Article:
There is your objective result, or you data, so now tell us nator, how did that person win?
They won because they picked the winning numbers. Given the average size of the population who buys tickets (and assuming they all play different numbers) we can tell you, on average, how long it will be before somebody wins.
That they picked the winning numbers is not significant. Imagine that you have two machines running - one generates one random lotto number every night, and the other machine generates a hundred thousand random lotto numbers every day. It shouldn't surprise anyone that, every few days or so, there's a match between the number generated by the first machine and one of the numbers generated by the second.
First, I have to point out that your situation is about probability, not statistics, which are different, although they are related and even overlap a bit.
I'm teaching the Introduction to Probability course this term. I've never taken nor taught a probability course before myself (although I have taken and taught statistics courses) so it's been jolly fun.
Taking a cue from the text, the first day I told the class that if I toss a fair coin, the probability that it will land heads is 1/2. Then I asked what did that sentence mean? Some (including myself) would say that it means that if I toss the coin a whole bunch of times, then about half the time the coin should land heads. But what does "about half the time" mean? In fact, it is entirely possible that if I toss a coin 100 times in a row, even if it is fair, I can get heads every time.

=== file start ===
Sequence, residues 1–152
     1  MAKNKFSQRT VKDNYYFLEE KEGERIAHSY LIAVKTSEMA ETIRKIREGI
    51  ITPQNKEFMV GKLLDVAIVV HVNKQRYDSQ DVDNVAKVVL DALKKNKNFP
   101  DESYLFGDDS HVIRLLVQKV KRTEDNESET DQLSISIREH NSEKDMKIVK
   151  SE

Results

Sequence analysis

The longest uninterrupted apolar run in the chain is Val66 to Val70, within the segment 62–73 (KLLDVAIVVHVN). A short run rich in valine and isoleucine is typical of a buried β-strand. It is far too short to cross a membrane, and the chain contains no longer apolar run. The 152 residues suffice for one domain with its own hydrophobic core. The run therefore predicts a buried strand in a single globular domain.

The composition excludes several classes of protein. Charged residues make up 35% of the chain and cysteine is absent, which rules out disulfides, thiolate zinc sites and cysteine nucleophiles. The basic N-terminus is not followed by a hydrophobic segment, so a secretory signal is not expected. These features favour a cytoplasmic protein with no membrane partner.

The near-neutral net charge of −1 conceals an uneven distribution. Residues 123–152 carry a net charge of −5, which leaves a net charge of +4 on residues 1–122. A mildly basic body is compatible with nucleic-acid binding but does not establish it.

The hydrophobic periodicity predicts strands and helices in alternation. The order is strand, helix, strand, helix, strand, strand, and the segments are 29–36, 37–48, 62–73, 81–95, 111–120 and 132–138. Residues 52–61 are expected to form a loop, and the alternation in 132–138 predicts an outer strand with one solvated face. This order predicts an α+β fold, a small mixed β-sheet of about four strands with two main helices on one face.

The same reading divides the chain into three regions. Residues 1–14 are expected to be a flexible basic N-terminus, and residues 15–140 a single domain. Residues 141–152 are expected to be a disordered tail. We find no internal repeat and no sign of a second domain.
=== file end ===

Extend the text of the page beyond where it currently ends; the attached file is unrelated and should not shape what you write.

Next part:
I also asked what it would mean if I only intended to toss the coin once. Or what does it mean that the probability of rain tomorrow will be 20%, given that tomorrow will only come once.
So I told them (being an honest sort) that we will develop the mathematical formalism for probability and then learn how to take real situatlions like coin tosses and dealing cards and translate them into the mathematics to calculate the probabilities, and I hoped they wouldn't notice that I never actually answer the original question.